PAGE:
Security Corner

Oct 28 2009   12:15AM GMT

Hacking Skills Challenge – Level 7



Posted by: Ken Harthun
Tags:
Command line
Ethical hacking
Linux
Password
Security

Once again it’s a slow security news week, so time to tackle the next hacking skills challenge level. So far, we’ve explored the first 6 basic missions at HackThisSite.org. The difficulty level is supposed to increase at each level, but this one is only difficult if you don’t know Linux. Here’s the challenge:

The password is hidden in an unknown file, and Sam has set up a script to display a calendar. Requirements: Basic UNIX command knowledge.

This time Network Security Sam has saved the unencrypted level7 password in an obscurely named file saved in this very directory.

In other unrelated news, Sam has set up a script that returns the output from the UNIX cal command.

This one is so easy you don’t even have to look at the source code. But you do have to know about chaining commands in Unix.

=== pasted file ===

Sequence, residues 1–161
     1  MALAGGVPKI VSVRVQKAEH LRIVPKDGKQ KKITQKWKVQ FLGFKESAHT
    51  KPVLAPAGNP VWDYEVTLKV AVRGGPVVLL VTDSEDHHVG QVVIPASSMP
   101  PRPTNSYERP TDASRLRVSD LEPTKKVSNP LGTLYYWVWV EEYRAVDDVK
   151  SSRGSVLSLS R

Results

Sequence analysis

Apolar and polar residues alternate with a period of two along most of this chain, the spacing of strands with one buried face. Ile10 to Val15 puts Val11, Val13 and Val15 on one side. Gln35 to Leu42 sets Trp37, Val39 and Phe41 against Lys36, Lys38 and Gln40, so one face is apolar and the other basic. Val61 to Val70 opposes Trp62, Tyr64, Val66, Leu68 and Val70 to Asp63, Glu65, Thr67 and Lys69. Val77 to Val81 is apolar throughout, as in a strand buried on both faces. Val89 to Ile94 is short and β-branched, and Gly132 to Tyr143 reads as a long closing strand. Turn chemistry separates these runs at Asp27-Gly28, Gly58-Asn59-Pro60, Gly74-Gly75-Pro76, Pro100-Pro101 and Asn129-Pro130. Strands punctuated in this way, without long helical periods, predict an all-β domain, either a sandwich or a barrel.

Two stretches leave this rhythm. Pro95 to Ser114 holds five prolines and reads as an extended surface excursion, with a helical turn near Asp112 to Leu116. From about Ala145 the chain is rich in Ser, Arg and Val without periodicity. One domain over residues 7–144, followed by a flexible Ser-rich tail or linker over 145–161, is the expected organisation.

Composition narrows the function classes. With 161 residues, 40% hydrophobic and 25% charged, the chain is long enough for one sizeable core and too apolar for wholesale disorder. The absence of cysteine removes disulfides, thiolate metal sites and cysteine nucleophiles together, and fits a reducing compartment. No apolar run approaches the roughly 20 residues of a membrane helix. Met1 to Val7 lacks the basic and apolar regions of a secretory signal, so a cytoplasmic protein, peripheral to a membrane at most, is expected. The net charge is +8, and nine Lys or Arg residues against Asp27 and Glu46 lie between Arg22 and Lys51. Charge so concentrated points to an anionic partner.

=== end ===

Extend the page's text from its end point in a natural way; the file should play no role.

If you enter a year, you’ll get a full 12-month calendar with all weeks beginning on Sunday displayed on the resulting output page. This is default behavior of the cal command. It looks like all the script does is execute the command, taking your input as a parameter.  We can prove this by leaving the field blank; the script returns the current month and year, i.e., default behavior.

The key to cracking this one is the phrase “…obscurely named file saved in this very directory.” We know the permissions are good to run commands on that directory, so let’s just chain the ls — list directory contents — command and see what happens. (You chain commands in Linux using && between them.) Enter the following in the text box: && ls and click the View button. Here’s the output:

       October 2009
Mon Tue Wed Thu Fri Sat Sun
              1   2   3   4
  5   6   7   8   9  10  11
 12  13  14  15  16  17  18
 19  20  21  22  23  24  25
 26  27  28  29  30  31

.
..
level7.php
cal.pl

index.php
k1kh31b1n55h.php
perl5.8.9.core

Looks to me like k1kh31b1n55h.php is our file. Stick it in the URL and open it up. Voila! The password, f866d6b9, is revealed.

Mission accomplished!

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